One fan theory is that the Power Chip Rectifiers the Decepticon troops donated were something akin to access keys to subspace structures responsible for their assorted powers and ammo storage. The only reason Megatron can use most of them effectively is that he's focused, familiar with the effects and weapons in question, and a consummate warrior. And Optimus Prime was totally not expecting it. It may also be a short-range thing only - the donors in question were on the sidelines for the relevant fight scene.
The Transformers Animated version of Blackarachnia can steal powers from other Transformers a la X-Men's Rogue — hardware-based ones included. New parts seem to grow from nowhere...
In the Darkwing Duck episode "Jailbird", Negaduck steals the "Mystic Eye of Quackelcoatyl" and transfers the other villains' powers into himself. He even (accidentally) steals Joker-parody Quackerjack's "wackiness".
One episode of Tiny Toon Adventures featured "Batduck" being repeatedly laughed out of the "Just Us League" by all of the super-powered superheroes. When a Lex Luthor-pastiche steals all of their powers with a super vacuum cleaner for himself, Batduck accidentally saves the day by coming over again to try and brag about his greatness as a superhero, prompting the villain to try and absorb Batduck's "power"... and getting only Batduck's ego and incompetence.
ReBoot literally treats programs (or rather, commands) as powers: a Hide command makes one invisible, the Paint program becomes a veritable threat when it falls into the hands of an insane virus, and so on. This actually makes sense, as the people and the powers are all software. Bob literally downloads glitch into himself to gain Green Lantern Ring powers.
In Code Lyoko, the protagonists' powers really are programmed. Unfortunately for them, the show treats programming realistically, so any addition (even by the team's two Teen Geniuses) is a difficult and time-consuming task — and may as well induce "bugs" that need first to be worked out (as in episode "Triple Trouble"). On the other hand, XANA, being a superior Artificial Intelligence, can easily boost the heroes' powers — but since he's the Big Bad he reserves this for his mind-controlled puppets. Fortunately for them, what XANA can do from his end is limited by his own processing power. Things get kind of bad when he escapes to the internet, and they make him mad enough to create a nearly invincible monster that easily one-shots them.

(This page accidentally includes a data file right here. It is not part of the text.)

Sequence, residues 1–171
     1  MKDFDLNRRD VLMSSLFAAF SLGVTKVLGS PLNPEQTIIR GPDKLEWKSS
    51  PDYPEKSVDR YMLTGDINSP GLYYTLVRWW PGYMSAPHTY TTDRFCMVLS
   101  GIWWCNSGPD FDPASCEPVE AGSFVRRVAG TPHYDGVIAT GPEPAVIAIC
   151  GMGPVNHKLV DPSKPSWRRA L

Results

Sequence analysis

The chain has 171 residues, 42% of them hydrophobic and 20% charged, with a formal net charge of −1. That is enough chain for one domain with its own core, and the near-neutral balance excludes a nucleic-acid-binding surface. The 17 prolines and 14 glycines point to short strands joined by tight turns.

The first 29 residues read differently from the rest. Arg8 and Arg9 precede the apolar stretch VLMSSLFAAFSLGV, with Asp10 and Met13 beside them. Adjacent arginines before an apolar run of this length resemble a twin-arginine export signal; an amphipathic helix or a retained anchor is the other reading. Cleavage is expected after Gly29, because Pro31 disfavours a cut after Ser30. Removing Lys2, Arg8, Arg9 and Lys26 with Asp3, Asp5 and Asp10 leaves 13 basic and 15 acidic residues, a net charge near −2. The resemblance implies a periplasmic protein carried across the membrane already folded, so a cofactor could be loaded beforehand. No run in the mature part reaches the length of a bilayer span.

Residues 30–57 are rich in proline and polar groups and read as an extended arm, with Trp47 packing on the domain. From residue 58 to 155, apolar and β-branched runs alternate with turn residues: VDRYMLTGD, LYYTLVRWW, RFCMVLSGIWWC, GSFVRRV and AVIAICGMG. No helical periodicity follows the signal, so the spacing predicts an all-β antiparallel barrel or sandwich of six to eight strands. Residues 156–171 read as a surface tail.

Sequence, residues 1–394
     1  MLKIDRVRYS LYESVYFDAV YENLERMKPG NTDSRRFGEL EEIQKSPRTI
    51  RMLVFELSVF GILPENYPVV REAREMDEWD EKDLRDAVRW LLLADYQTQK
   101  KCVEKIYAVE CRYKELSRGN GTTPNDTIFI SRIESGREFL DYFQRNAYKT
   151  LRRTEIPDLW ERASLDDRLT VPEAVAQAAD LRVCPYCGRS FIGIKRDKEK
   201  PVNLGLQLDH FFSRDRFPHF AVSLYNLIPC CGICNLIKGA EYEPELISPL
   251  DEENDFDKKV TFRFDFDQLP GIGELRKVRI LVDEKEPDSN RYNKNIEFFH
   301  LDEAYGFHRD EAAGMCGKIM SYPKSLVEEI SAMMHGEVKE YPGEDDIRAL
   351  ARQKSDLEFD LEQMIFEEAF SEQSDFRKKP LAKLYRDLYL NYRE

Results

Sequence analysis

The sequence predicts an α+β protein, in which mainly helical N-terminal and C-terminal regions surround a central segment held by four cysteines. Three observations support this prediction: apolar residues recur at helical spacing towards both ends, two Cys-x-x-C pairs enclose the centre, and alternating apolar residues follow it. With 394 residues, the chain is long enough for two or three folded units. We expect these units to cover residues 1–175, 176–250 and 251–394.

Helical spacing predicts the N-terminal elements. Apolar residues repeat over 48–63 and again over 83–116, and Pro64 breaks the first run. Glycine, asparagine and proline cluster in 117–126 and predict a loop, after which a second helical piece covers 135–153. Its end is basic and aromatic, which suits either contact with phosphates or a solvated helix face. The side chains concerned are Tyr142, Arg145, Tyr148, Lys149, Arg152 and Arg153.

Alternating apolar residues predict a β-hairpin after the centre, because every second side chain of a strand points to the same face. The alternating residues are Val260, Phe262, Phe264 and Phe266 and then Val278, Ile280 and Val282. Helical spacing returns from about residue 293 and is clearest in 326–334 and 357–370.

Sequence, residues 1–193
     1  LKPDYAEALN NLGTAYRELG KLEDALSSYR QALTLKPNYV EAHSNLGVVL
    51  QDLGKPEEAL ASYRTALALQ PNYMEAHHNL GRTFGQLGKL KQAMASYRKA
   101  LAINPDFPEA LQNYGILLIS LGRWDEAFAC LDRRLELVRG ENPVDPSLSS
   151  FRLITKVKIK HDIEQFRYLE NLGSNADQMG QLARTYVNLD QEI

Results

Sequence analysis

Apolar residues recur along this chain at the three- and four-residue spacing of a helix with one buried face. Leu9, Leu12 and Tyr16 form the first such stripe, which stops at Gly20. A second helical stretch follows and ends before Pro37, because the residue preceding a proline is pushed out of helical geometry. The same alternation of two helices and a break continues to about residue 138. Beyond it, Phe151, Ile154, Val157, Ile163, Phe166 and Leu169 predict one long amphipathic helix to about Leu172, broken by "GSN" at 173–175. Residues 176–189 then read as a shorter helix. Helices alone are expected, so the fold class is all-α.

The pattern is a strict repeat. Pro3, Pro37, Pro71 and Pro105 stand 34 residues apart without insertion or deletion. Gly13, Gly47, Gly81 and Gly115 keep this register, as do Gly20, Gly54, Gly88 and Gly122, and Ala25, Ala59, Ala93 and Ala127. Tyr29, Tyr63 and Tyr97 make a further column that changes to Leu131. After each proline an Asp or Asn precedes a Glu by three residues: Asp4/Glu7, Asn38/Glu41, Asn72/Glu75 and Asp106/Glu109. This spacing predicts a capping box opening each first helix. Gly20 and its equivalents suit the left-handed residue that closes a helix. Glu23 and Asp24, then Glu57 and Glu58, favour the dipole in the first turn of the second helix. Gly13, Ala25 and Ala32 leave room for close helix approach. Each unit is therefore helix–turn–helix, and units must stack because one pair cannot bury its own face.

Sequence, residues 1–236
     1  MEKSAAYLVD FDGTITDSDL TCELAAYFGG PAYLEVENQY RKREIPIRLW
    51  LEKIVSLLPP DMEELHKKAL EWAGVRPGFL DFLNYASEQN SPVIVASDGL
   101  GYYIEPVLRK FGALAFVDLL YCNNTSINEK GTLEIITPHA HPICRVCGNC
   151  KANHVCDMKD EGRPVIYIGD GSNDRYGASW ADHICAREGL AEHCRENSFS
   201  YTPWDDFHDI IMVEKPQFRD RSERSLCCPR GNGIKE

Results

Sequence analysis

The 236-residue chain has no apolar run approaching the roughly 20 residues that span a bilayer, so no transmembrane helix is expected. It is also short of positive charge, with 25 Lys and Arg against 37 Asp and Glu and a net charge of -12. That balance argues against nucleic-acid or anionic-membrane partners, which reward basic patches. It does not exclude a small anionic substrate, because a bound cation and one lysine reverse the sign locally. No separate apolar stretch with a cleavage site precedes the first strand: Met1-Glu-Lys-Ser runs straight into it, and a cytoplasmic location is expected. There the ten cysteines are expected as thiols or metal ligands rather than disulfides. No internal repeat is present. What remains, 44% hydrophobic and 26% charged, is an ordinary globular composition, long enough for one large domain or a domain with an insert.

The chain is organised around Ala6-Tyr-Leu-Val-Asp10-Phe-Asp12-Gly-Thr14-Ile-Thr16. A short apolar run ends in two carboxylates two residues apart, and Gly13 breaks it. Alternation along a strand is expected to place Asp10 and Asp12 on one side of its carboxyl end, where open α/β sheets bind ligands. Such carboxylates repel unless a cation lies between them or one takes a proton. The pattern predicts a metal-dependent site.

Being derived from the result of a chemical fluke, The Powerpuff Girls are naturally this. The notion that their powers can be used by anyone is also employed, either when Mojo Jojo simply duplicates their powers onto himself or when Princess Morbucks uses Chemical X on herself to evolve identical powers.
In Ben 10 and its spinoffs, almost all "superpowered" characters that appear are actually members of distinct (sortof) alien species, with traits that are presumably normal to their species; however, the more impressive (and superhuman) traits are referred to as "powers", and can be suppressed, absorbed, stolen, switched, etc.
Subverted in the season 3 finale of My Little Pony: Friendship Is Magic, when the main cast gets their cutie marks swapped. Although their interests got swapped (Such as Pinkie Pie trying to buck apples and Applejack trying to make clothes), the actual talents didn't and they all suck hard at what they're trying to do. In fact, going back to their original talent is actually the key to reversing the spell.
In The Legend of Korra, a look into the past reveals that basal Energybending treats elemental bending as programs. Energybending can remove bending, give it back, and even replace it with a different element. The only reason humans can't bend multiple elements at once is because they lack the necessary energy. Avatars don't have this limitation because each one is a Fusion Dance between a human and the spirit Raava.